Monday, June 27, 2016

Loyalty and Love

"The intuition is that loyalty, not prosperity, is the foundation of a healthy society. To my mind, it’s a sound intuition."

The editor of First Things, R. R. Reno, wrote these words the day before just over half of the 72% eligible to vote in the United Kingdom decided to leave the EU. The "intuition" mentioned belongs to those who campaigned to leave. In Reno's own words, "the vote to 'Leave' opens up the possibility of a different future, one in which national identities are renewed rather than 'fused.'" This renewal of national identities is, for Reno, a self-evident good, with the vote to leave representing a collective, British middle finger to the "global technocratic empire" whose face in this instance is the European Union.

This is all socially, historically, economically and politically dubious. It becomes theologically dubious when Reno connects the United Kingdom post-Brexit with Augustine's City of God. According to Reno, had the UK remained in the EU then it would be a polity ruled by fear of poverty and the rapacious desire for prosperity. These are the characteristics of the city of man. By contrast, a UK outside of the EU would model the city of God by participating "in the ennobling power of love". The basis of this participation is "national loyalty." The object of this love is one's British neighbour.

If what Reno is describing were true, it would be disconcerting at best and diabolical at worst. A theologically justified nationalism is a collective middle finger to the Christ attested in Scripture. But what Reno is describing isn't even true. It's false. And that's the real problem. What is happening in Britain is not nationalism per se (if there is even such a thing). It is racism. There have been an enormous amount of reports from people who have either experienced or witnessed abuse and hatred in the wake of the UK's vote to leave the EU. What is worth noting is that a significant number of these people are British. But being British is simply not enough. They may be "officially" British, they may have British passports, they may even have been born in Britain, but they don't look like a British person should look, or they don't talk like a British person should talk. or they don't worship the god that a British person should worship. All of this is by way of saying that nationalism is inherently racist. To be British is to be white, not black. To be British is to be Christian, not Muslim. The "national loyalty" that Reno gets so misty eyed about is poisonous to its very core. It is a loyalty that Jesus came quite explicitly to defeat. It is a loyalty that nailed him to the cross, but which was in fact nailed to the cross with him.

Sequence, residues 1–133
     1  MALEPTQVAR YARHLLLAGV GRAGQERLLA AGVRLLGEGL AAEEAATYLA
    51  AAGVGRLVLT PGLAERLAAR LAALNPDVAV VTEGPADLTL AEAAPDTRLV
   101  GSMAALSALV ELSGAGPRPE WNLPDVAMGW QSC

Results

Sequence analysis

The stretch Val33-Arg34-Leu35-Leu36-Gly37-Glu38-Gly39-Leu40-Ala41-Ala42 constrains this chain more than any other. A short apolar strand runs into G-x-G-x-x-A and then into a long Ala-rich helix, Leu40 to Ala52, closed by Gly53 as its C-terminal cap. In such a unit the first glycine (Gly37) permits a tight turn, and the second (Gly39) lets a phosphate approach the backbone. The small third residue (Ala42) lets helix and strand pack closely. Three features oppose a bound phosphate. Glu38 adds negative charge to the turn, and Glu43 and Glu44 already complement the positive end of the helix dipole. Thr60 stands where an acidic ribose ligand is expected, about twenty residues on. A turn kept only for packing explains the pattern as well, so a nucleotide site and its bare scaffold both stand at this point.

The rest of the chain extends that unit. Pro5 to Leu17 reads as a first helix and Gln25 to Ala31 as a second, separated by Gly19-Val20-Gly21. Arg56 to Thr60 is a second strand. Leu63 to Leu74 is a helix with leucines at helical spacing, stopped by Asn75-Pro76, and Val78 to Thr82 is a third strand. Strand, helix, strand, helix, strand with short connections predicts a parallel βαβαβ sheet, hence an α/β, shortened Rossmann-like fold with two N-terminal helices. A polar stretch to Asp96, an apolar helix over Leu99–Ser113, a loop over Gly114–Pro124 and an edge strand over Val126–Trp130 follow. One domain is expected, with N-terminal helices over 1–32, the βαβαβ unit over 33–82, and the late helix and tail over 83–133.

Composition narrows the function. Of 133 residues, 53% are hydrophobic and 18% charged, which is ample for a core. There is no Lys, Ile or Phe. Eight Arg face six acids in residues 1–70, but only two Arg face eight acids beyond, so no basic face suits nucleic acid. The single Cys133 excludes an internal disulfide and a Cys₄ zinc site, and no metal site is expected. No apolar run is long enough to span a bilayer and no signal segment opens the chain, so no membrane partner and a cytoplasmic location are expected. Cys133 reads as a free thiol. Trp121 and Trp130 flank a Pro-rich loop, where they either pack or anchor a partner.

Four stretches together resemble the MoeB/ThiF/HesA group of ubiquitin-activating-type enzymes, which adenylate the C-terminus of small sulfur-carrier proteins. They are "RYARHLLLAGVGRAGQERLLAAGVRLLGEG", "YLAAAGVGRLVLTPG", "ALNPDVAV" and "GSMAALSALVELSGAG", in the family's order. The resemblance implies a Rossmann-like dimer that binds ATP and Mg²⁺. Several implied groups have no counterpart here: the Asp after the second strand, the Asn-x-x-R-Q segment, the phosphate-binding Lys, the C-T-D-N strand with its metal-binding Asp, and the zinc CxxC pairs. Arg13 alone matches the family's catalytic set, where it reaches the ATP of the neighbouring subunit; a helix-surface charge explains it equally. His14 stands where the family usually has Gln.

We live in troubling times. We always do. That is why theological work needs to be done. Indeed. Karl Barth's justification for theology is a simple one: sin. The sin of Christians, the sin of non-Christians, the most especially sin of theologians, means that the work of theology must continue. Church's who sing the songs of national loyalty, and theologians who write its propaganda, cannot go uncriticised. Woe to those who call the city of God the city of man, and the city of man the city of God.


  1. Can we really say that nationalism is a up yours to Christ without any qualifications? Like, I don't expect to see you stand up at Liam mellows next match and decry their sin?! Or is that something we should be doing?

    Assuming you are right then I'd also say I think it's easy to spot the idolatry in the British project. But if all nationalism is sin then we shouldn't bother looking at our neighbours to call out the sin there is more than enough to deal with at home. Furthermore I really feel it on us to earn a right to be heard by the Brits. Why should they listen to us call out their rubbish if we don't speak to our own? That at least it where I'm at. I asked Kevin bout this and I think he said something to the effect of the two aren't the same level which I think means we can bash away at the Brits! I don't know ..other than that blog post😀

  2. "Can we really say that nationalism is a up yours to Christ without any qualifications?"


    And of course you're right about the need for self-criticism. As the great man once said, "The man who, in attacking others, does not also destroy himself had better keep silence in the congregation."

    I have been taught by my wife how much of a racist I am. I can only hope that the Church's teachers and pastors provide a similar function for its members.